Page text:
Achilles Tendonitis

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What can I do to treat my Achilles tendon pain?

  • Reduce activities that aggravate symptoms and avoid wearing tight shoes that cause direct pressure on the tendon. Using a heel raise within your shoe may also help reduce load on the Achilles tendon as a short-term measure.
  • While anti-inflammatory medication (NSAIDs), such as ibuprofen and icing the area can be helpful to treat symptoms in the acute phase, they are not recommended in the longer term.
  • Stretching and strengthening exercises once the pain has settled to improve the load capacity of the muscle and tendon. The type of exercises is dependent on the location of pain in the Achilles tendon (see below).
  • Extracorporeal shock-wave therapy (ESWT) pass acoustic shockwaves through the skin to the affected tissue to help speed up your body’s healing process.
  • Orthoses may be prescribed to address poor biomechanics.

You should expect symptoms to improve after 12 weeks of treatment.

Treatment for Achilles Tendonitis

Achilles tendonitis is an inflammation of the Achilles tendon that is typically short-lived. Achilles tendinosis is a degeneration of the tendon that develops gradually over time. The tendon loses its organised structure and is likely to develop microscopic tears. Achilles tendonitis/ tendinosis are caused by “overuse” such as doing too much too soon, sudden increase in activity or poor training technique.

Symptoms include:

  • Discomfort, aching or stiffness within the tendon which may occur anywhere along the tendon pathway, from its attachment at the heel bone up to region just below the calf muscle. Pain often occurs first thing in the morning or after periods of rest, then improves with motion but later worsens with increased activity.
  • Tenderness or pain when the sides of the tendon are squeezed. There is however, less tenderness, when pressing directly on the back of the tendon.
  • Nodules or thickening in the tendon where the tissue is damaged.

Eccentric loading

Eccentric loading exercises are shown to be the most effective way to stimulate Achilles tendon healing.  Eccentric exercises are performed by contracting the muscle tendon unit, while also providing a lengthening force.

Mid-portion AcMid-portion Achilles tendinosishilles tendinosis is pain in the mid-portion of the Achilles tendon (2-6cm up from the heel bone). For this type of tendinosis, you should focus slow heel drops on a step.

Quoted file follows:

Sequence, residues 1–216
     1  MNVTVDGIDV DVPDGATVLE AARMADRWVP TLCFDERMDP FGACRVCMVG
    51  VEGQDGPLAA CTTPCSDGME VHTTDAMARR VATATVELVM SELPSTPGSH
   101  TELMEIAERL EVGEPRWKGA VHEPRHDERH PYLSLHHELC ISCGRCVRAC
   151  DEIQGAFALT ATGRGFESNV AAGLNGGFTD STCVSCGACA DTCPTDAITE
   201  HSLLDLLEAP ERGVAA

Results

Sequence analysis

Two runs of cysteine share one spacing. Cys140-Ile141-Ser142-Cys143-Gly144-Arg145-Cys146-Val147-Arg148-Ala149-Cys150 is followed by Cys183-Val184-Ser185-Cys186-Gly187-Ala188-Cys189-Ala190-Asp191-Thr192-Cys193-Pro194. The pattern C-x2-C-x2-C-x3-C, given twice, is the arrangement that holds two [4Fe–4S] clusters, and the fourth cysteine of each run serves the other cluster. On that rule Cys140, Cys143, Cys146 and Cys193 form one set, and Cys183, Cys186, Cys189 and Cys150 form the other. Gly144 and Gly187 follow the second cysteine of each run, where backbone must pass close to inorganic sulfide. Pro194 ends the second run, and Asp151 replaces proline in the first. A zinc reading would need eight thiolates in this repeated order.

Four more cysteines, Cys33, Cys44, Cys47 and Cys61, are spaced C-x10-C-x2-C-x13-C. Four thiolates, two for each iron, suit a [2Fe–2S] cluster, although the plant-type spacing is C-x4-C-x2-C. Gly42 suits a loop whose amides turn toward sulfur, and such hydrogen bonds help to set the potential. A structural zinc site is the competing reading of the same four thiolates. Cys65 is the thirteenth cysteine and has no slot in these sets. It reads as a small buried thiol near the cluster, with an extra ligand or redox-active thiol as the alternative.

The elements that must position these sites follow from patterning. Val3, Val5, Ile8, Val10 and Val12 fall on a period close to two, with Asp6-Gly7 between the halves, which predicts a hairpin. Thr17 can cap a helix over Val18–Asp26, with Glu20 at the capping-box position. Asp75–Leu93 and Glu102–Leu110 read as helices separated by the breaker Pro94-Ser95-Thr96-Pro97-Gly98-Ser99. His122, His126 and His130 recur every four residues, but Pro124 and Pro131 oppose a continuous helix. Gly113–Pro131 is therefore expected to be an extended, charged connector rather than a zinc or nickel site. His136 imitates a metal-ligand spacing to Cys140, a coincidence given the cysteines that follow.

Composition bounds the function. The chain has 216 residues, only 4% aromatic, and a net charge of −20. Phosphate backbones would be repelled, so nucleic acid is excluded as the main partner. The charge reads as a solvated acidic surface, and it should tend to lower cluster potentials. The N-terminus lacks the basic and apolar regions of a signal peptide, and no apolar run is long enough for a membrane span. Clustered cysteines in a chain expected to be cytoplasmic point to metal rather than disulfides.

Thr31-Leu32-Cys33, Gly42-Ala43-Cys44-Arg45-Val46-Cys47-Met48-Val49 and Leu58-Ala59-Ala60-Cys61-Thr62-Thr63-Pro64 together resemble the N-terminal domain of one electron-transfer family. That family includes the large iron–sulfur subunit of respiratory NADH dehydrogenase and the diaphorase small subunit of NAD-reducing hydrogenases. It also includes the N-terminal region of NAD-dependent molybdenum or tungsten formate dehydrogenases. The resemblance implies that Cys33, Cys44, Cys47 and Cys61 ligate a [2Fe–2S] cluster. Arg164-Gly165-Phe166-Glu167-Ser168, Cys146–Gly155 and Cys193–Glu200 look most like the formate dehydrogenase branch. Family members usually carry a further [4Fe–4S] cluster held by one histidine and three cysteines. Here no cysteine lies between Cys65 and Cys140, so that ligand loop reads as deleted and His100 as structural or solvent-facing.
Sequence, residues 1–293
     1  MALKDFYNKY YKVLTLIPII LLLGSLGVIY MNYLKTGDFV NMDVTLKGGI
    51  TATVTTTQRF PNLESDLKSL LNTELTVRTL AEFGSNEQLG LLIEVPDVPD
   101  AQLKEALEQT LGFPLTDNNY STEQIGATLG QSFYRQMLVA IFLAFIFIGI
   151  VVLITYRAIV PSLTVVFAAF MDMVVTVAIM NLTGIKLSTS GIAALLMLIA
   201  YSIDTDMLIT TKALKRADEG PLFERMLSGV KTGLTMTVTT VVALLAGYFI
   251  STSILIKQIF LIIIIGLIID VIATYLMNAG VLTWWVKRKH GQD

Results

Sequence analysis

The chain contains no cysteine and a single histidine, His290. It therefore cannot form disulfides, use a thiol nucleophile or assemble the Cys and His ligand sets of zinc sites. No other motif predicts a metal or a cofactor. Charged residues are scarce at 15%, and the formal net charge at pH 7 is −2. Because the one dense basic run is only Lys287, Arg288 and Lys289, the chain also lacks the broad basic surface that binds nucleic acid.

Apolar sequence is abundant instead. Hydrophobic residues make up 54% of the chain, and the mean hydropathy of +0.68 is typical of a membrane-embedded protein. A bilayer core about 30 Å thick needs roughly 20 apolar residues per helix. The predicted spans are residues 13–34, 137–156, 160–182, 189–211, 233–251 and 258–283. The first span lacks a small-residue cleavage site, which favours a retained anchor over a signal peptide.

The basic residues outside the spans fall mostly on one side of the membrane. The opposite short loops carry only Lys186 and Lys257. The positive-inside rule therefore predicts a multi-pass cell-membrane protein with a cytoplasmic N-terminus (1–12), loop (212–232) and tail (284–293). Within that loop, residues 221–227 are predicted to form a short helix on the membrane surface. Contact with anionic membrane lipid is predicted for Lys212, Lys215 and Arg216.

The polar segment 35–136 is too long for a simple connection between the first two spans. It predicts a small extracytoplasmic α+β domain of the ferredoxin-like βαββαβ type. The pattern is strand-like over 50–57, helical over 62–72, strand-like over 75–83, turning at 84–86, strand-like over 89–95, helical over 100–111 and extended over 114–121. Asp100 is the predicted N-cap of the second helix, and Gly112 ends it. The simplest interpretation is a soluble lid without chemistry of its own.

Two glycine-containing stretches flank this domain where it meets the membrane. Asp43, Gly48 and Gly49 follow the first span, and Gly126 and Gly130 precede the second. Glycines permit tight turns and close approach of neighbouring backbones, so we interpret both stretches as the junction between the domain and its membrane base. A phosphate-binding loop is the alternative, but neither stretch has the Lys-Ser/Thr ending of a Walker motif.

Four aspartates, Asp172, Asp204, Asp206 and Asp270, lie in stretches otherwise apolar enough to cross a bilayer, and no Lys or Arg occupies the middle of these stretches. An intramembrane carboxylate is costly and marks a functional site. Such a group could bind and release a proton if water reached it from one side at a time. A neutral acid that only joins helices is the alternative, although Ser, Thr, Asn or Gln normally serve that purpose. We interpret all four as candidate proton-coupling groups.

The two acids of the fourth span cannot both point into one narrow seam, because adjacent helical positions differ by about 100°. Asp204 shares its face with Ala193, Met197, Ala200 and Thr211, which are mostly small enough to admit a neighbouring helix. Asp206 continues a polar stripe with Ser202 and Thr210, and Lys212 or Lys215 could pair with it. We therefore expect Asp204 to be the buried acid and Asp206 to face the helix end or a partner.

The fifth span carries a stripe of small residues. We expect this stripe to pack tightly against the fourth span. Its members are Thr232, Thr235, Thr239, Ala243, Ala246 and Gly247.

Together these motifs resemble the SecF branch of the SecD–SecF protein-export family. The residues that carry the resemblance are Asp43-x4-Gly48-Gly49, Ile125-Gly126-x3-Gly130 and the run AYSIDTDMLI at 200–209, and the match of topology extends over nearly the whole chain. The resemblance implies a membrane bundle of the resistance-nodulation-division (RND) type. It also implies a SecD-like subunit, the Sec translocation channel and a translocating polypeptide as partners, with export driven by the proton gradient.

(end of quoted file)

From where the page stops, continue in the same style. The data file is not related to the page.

Insertional Achilles tendinosis occurs at the heel bone where the tendon attaches. A key difference for this type of Achilles tendon pain is to avoid end range dorsiflexion (upward movement of the foot), such as walking uphill and doing heel drops. Instead, start on tip toes then slowly lower to floor level.

Most will need to start by doing the exercise using both legs as it may be too sore to do the exercise on one foot. Start with low reps and sets, for example 5 reps 3 times on both legs and building up to 10 reps 3 times before progressing onto 5 reps 3 times on just your injured side. Be guided by your pain and gradually increase as you’re able to. Unlike many exercises it is usually ok to have some pain during eccentric loading.

Most will need to start by doing the exercise using both legs as it may be too sore to do the exercise on one foot. Start with low reps and sets, for example 5 reps 3 times on both legs and building up to 10 reps 3 times before progressing onto 5 reps 3 times on just your injured side. Be guided by your pain and gradually increase as you’re able to. Unlike many exercises it is usually ok to have some pain during eccentric loading.

Will I cause more damage by doing exercises?

There is no evidence that the tendon is at risk of rupture while doing these exercises. Gradual tendon loading activities are beneficial. Not enough or too much can be harmful.

Any pain below 3 out of 10 on a visual analogue scale of 0 to 10 is acceptable but if the pain goes above 3, the activity should stop.

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